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New era for Liverpool’s National Oceanography Centre as a charity

The National Oceanography Centre (NOC), which has a site on the University of Liverpool campus, became a charity, independent from its embedding in government research body the Natural Environment Research Council. A trading subsidiary, NOC Innovations Ltd, has been established to undertake work of a more commercial nature.

The move will equip the NOC with the freedoms it needs to develop further as a world-class research institution, and to continue to be a trusted source of scientific advice, data and information, as it seeks to make sense of changing seas.

It will play a prominent role in international scientific collaborations and engagement in international bodies, such as the upcoming UN Decade of the Ocean. The NOC will continue to operate its two state-of-the-art research ships, RRS James Cook and RRS Discovery, and manage Europe’s largest fleet of robotic vehicles, including the now world famous sub Autosub Long Range, AKA Boaty McBoatface, on behalf of the whole UK marine science community.

The NOC’s Chief Executive, Ed Hill commented, “Today is the natural next step in the NOC’s development as one of the world’s leading and most innovative oceanographic research institutions. I am grateful to all who have worked so hard and supported and encouraged us on this journey.

“Independence means we will have greater freedom outside of the public sector to diversify our income and translate our intellectual property for public benefit. This will enable the NOC to sustain, develop and reinvest in its critical mass of oceanographic scientific and technical capabilities – crucial to enabling the UK science community as a whole to remain in the top tier of ocean research worldwide.”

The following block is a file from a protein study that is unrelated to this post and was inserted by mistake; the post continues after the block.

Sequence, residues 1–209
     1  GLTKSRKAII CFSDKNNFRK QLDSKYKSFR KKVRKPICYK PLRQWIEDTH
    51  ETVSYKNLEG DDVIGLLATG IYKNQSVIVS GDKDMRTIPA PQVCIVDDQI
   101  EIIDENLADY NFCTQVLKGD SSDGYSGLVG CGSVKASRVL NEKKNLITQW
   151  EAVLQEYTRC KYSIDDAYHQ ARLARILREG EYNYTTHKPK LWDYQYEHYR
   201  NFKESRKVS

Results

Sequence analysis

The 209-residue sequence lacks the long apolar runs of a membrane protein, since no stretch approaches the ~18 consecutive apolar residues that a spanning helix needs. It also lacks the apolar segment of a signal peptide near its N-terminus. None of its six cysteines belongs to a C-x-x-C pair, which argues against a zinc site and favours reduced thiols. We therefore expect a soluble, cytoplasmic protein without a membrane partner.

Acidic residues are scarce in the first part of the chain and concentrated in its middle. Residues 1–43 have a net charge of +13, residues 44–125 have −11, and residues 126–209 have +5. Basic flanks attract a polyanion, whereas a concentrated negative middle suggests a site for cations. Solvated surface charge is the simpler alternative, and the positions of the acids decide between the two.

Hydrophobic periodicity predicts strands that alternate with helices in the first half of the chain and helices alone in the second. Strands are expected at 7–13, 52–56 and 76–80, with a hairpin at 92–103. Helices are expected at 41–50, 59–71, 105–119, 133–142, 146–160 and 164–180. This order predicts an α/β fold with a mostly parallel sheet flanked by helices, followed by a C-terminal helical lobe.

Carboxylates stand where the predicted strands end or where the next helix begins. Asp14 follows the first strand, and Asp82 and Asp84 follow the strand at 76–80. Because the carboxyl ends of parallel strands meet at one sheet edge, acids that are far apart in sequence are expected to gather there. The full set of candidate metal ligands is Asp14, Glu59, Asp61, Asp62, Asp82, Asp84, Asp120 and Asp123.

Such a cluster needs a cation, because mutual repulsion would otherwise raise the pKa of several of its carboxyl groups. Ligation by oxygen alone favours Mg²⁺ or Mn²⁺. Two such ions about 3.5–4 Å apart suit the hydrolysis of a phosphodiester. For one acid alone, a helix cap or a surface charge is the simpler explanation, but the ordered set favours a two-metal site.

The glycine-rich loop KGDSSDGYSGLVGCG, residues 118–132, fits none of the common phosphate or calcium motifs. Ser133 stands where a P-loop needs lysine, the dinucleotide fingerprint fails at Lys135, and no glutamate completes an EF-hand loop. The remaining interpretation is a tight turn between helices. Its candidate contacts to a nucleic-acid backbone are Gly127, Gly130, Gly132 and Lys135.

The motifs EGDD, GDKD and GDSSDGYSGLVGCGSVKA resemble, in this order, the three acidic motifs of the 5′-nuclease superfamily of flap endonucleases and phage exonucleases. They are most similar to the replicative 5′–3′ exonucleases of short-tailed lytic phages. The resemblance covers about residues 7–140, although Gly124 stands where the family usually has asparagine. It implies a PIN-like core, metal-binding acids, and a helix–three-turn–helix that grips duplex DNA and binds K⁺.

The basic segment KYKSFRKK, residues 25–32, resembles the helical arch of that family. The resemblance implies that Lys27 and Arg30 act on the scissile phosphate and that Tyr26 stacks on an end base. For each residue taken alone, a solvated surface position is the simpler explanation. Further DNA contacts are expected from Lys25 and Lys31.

The National Oceanography Centre’s Liverpool site was previously the Proudman Oceanographic Laboratory, specialising in tidal and sea level science. It hosts the National Tidal and Sea Level Facility, the Permanent Service for Mean Sea Level and the British Oceanographic Data Centre. It was previously housed at the Bidston Observatory, Wirral until moving to the University of Liverpool campus in 2004.

The Liverpool site keeps alive the research carried out by the Proudman Oceanographic Laboratory, which has a long and diverse scientific tradition that started in 1845 when the first Liverpool Observatory was established to provide accurate navigation for shipping. Meteorological observations were also started to provide local forecasts for shipping. In the later 20th century, the work of the institute expanded into many areas of oceanographic research including long-term sea-level change, one result of which was recognition of the need for a barrier in the Thames.

Today the NOC site in Liverpool has around 120 staff and is involved in a wide range of oceanographic research, expanding its horizons and increasing knowledge across a range of disciplines in the oceanographic sciences. The NOC’s main site in Southampton houses around 540 research scientists and staff.

A new NOC Board of Trustees is now in place, chaired by John Hirst CBE, and will guide the NOC forwards on this exciting next phase of the organisation’s journey.